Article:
(I fear this may be another epic post)
I used to have a doctor who would tell me, every single time i went to visit her that her fantasy job was to be a librarian. That when her job got to be too stressful, too hectic, she and her nurse would talk about how nice it would be to work in the peace and quiet of a library and just read all day. I have heard this fantasy from a number of people now and when i hear it i usually just smile and nod--who am i to shatter anyone's illusions.
Once my sister and i were watching Bob (actually a great and terribly funny and underrated show--don't know if anyone remembers it) and one of the characters (Trisha, if it matters) was in a rush to get to a anniversary celebration and, of course, everything was falling apart; she and her companion made a stop at a convenience store and while they were there, an armed robber came in to rob the place; Trisha grabbed the gun out of his hand, shouted, "We don't have time for this!" and tossed the gun aside. The bandit was too shocked to do anything but run away, my sister and i commented about the implausibility of the situation and laughed at the absurdity; but it brought to mind my own reckless youth.
When I was eighteen I worked in a gas station/(supersmall) convenience store. The day i started i was called in to cover for a guy who had just been robbed and was too shaken up to continue working. Somewhat later in my somewhat unremarkable career as a gas station attendant, as i sat quietly reading One Flew Over the Cuckoo's Nest i glanced up to spy, coming around the ice machine, two men with nylon stockings over their heads about to enter the door, and i quite quickly realized, "well, Now I'm going to be robbed." So, i set my book down (face down so as not to loose the place,) slid off my stool, and stood at the counter. They came in, drew their guns and demanded all the money in the cash register; i readily complied but they were not happy with the amount (i, ever dutiful, had been making my required safe drops and therefore the cash drawer amount was low). One of the robbers started to come around the counter to check under the till. I was a)extremely annoyed that they wouldn't believe me; b) feeling that they were invading my territory (i.e. MY side of the counter) and c) (here's the biggie) eighteen and stupid (you know that whole bravado thing where you think you're immortal and all...) so i put my hand up to physically stop the guy WITH THE GUN from coming around to My side of the counter. I said, in my most commanding voice, "No, you stay there, I'll do it." And so he did. (interesting that--improbable--i don't really know, maybe everyone just responds to the tone of your voice--or the craziest/stupidest person in the room is the one who gets listened to?)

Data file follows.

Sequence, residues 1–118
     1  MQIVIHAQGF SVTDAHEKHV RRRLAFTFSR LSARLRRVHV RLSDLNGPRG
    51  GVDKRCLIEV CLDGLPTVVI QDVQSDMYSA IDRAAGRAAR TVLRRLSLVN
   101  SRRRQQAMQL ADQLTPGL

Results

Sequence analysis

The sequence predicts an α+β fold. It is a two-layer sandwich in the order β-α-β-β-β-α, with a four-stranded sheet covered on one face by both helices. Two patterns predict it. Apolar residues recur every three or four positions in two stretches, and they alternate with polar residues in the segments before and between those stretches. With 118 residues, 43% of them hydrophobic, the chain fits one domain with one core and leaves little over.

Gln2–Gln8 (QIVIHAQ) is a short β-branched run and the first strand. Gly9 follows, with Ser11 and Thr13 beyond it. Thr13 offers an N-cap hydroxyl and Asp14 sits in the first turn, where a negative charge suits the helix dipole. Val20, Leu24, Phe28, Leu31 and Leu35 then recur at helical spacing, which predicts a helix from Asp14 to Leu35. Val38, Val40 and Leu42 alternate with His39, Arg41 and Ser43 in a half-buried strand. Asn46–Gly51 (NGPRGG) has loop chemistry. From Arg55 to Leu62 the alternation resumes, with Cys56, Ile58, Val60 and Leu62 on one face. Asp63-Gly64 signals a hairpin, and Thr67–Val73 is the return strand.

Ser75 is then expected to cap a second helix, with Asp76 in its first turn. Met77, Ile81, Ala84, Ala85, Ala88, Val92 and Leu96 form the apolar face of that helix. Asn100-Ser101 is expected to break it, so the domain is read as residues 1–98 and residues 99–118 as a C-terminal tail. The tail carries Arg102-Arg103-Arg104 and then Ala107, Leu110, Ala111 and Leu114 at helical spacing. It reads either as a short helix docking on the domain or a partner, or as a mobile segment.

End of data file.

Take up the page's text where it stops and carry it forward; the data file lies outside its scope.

Anyway, they left with the money. I called the police, then i called my manager (might i mention that i both finished out my shift and never closed the store--neither was a replacement nor closure suggested and i never thought to ask) Once i gave my statement to the police they told me i was the calmest robbery victim they had ever seen--i'm not sure it was a compliment. I was never really too upset about the incident--i was more upset about some things my manager told me that same night, tho i don't remember what they were now--i do remember calling my mom and saying "Julie (manager) said blah...blah...blah...(ranting for about twenty minutes)... and, oh yeah i was robbed." I thought at the time perhaps i was in shock and it would all hit me later--about twenty-two years now--still hasn't hit.